Tetraquarks in the sights
The SPECF (Spectroscopy and Flavour) section
Mesons are short-lived particles consisting of a quark and an antiquark. In nature, they are created for example when cosmic radiation hits the Earth’s atmosphere. In the laboratory, mesons can be specifically generated in accelerator experiments. Because they are held together mainly by the strong interaction, their investigation provides detailed insights into this fundamental force of nature. In recent years, evidence has been growing that there are not only conventional mesons but also novel particles with an exotic quark content. At the Helmholtz Institute Mainz, the SPECF (Spectroscopy and Flavour) section investigates the mesons using the methods of spectroscopy: With the help of accelerators, the scientists generate excited states of the particles in order to analyze them accurately with detectors. The focus of the activities is on future experiments at the PANDA detector, which is being realized at the new FAIR accelerator complex at the GSI Helmholtzzentrum für Schwerionenforschung in Darmstadt.
Among other things, the researchers are interested in the charmonium—a bound state of a charm quark and antiquark. It has about three times the mass of the hydrogen atom, but is extremely short-lived and decays immediately after production. Similar to how the electron in a hydrogen atom can be excited to different energy levels, excited states of the two binding partners quark and antiquark also exist in the charmonium. These states can be generated in accelerators and are considered as independent particles.
Particularly interesting are states above a certain energy threshold: Beyond this “open-charm” threshold, massive particles are generated, which then decay into other mesons, consisting of a heavy charm quark and a light up or down quark. For some time now, researchers have been finding ever more states above the open-charm threshold. The remarkable thing about these new particles is that, for the most part, they do not fit at all to the predictions of the established theoretical models. There are overwhelming indications that some of the particles must be exotic states of four quarks, so-called tetraquarks, consisting of two quarks and two antiquarks.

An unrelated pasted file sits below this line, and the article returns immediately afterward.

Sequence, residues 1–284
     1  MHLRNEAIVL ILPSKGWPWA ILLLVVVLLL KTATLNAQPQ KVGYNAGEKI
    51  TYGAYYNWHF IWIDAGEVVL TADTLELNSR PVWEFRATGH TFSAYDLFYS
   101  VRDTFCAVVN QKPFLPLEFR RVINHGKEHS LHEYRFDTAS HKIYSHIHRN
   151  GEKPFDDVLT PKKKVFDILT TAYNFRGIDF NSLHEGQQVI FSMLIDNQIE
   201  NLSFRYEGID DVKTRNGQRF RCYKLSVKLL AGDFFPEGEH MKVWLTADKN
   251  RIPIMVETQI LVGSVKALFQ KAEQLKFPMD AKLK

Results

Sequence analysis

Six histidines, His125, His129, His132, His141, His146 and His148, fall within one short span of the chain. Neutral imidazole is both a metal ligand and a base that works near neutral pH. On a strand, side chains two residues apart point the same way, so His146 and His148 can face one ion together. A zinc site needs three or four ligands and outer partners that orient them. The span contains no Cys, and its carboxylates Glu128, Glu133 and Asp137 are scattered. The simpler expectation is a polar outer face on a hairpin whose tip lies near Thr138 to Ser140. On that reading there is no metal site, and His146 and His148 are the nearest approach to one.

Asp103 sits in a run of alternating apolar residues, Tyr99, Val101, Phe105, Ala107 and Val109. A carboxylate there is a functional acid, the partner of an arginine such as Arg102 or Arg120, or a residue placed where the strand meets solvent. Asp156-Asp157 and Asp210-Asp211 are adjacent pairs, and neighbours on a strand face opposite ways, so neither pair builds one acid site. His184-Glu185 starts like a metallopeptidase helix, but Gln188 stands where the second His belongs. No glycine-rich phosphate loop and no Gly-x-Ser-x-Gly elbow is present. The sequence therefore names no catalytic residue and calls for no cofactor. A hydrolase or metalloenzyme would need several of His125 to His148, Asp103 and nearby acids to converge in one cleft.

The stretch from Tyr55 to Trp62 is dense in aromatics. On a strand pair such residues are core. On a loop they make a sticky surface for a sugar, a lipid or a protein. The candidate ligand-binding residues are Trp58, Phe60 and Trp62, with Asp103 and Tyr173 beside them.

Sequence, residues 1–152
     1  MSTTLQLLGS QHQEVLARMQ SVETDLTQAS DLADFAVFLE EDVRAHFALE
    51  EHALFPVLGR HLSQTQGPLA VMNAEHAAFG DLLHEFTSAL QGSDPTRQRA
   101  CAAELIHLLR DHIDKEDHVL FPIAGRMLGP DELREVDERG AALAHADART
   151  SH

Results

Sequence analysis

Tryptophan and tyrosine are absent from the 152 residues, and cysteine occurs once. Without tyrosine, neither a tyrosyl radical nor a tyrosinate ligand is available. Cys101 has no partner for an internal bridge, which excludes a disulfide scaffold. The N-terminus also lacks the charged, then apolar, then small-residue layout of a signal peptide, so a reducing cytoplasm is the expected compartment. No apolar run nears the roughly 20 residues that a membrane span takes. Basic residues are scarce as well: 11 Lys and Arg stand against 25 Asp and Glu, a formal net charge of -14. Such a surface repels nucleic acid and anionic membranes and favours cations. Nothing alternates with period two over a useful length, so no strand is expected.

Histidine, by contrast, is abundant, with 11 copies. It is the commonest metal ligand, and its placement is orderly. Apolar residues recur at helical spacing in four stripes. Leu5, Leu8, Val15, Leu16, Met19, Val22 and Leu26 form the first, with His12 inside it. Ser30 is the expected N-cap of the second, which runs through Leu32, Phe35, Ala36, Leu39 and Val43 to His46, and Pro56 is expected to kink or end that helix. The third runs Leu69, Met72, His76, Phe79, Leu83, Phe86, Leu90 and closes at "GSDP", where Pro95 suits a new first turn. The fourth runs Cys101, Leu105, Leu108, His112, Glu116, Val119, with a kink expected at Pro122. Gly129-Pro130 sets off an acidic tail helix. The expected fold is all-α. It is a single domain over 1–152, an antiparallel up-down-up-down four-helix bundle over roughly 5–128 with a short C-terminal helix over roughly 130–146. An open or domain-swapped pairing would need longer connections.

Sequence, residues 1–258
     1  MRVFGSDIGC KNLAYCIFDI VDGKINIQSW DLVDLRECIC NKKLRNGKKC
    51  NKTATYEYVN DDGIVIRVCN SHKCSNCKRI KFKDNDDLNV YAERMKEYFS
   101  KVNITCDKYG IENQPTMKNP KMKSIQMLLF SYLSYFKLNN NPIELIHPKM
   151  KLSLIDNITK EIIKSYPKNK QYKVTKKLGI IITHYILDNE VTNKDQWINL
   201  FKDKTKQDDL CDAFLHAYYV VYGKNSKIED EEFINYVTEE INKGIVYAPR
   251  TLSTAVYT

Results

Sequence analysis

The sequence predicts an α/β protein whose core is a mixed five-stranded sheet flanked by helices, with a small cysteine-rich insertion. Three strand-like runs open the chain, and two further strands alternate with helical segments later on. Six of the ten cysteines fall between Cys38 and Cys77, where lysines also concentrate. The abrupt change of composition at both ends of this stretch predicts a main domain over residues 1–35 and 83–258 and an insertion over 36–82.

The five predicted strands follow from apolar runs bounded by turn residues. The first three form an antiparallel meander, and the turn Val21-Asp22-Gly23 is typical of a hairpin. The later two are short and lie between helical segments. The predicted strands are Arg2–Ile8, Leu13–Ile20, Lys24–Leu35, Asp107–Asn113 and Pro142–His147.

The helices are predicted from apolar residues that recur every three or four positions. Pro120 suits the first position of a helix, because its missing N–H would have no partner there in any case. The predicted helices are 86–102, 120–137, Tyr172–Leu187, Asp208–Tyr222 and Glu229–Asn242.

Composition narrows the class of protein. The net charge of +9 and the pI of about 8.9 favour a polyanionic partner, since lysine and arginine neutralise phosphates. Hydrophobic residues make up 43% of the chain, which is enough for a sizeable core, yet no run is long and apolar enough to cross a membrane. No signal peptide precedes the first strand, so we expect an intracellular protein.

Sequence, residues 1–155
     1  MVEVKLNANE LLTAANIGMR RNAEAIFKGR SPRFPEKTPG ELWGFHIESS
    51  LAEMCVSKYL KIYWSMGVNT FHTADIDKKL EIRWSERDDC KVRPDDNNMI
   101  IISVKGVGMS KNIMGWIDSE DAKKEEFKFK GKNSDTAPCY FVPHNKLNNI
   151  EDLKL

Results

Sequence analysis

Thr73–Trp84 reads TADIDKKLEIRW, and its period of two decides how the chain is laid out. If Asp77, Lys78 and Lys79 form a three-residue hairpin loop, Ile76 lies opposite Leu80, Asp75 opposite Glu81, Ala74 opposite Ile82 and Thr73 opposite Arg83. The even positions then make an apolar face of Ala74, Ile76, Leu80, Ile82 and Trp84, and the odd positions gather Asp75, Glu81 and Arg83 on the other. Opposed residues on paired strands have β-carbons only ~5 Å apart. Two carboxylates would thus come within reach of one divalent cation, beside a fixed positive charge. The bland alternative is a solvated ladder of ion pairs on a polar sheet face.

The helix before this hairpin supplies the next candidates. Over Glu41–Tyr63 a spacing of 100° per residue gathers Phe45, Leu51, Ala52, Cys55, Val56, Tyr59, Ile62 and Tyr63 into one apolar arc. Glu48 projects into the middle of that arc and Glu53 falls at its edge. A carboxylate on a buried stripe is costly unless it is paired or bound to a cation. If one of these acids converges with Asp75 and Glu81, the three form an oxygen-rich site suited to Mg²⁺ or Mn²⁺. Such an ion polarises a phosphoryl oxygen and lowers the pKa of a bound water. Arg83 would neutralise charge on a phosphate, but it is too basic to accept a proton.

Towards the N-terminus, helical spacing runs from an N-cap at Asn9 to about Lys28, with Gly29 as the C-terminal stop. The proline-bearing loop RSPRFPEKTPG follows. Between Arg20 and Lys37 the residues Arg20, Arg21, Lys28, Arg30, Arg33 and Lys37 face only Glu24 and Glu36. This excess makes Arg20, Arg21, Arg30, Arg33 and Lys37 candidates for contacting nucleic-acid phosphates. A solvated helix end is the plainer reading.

The physicists of the SPECF section therefore pursue an ambitious goal: With their experiments, they aim to achieve a quantitative understanding of the quark composition and the decay properties of such tetraquark states. These insights should help to provide a quantitative description of the quark interaction at low energies based on quantum chromodynamics (QCD). This goal is challenging because the quarks in the particles are relatively far apart, making precise calculation difficult. Here, the accurate analysis of high-energy charmonium states and of tetraquarks promises valuable indications for the further development of the theory.
So far, the section is participating in the experiments at BESIII in Beijing, where several exotic tetraquark states have been found. In addition, there are already hints that some of these states can decay into others. However, a final theoretical interpretation on the basis of the existing measurement data is not yet possible. The PANDA detector at FAIR, which the HIM researchers are currently helping to set up and which is due to start operating around the year 2025, is intended to provide clear information on the structure of the exotic tetraquark states. The FAIR accelerator complex, which is currently under construction, will be able to generate tetraquarks and other exotic particle states much more effectively than previous facilities. PANDA will then analyze these states precisely—in the hope that they will reveal new, as yet undiscovered particles.
FAIR will generate fast antiprotons and shoot them at a hydrogen target. In the process, protons and antiprotons annihilate, thereby forming exotic particles, such as tetraquarks in very rare cases. Within tiny fractions of a second, these decay into other particles, which can then be detected and precisely measured with the PANDA subdetector systems. This is followed by an elaborate computer reconstruction, in which the physicists—as in a giant puzzle game—use the decay products to put the original particle back together.
The SPECF section is involved in the development of several detector components. One of them is the trigger—an extremely fast electronic filter that scans the vast amount of collision data in real time to extract those of physical relevance that deserve to be stored—a task amounting to the search for the needle in a haystack. In addition, the experts are responsible for the development of the luminosity detector. This device is located about ten meters from the interaction point and effectively records the hit rate with which antiprotons and protons collide—an important input value for the analyses. Furthermore, the HIM is involved in electronics development for the DIRC detector. By recording so-called Cherenkov radiation, this detector provides information on the velocity of a particle, thus contributing to its identification.
In addition, the SPECF section will also devote itself to measuring exotic nuclear states at PANDA. To this end, one or even two protons or neutrons, which make up all the conventional atomic nuclei of the matter surrounding us, are to be replaced by a particle containing a strange quark—creating a so-called hypernucleus. This “strange” embedding in the nucleus should allow new conclusions about how protons and neutrons stick together in detail. In order to carry out such hypernucleus experiments at PANDA, the interaction zone needs to be modified and a detector made of high-purity germanium must be used, in which the researchers from the SPECF section are also involved.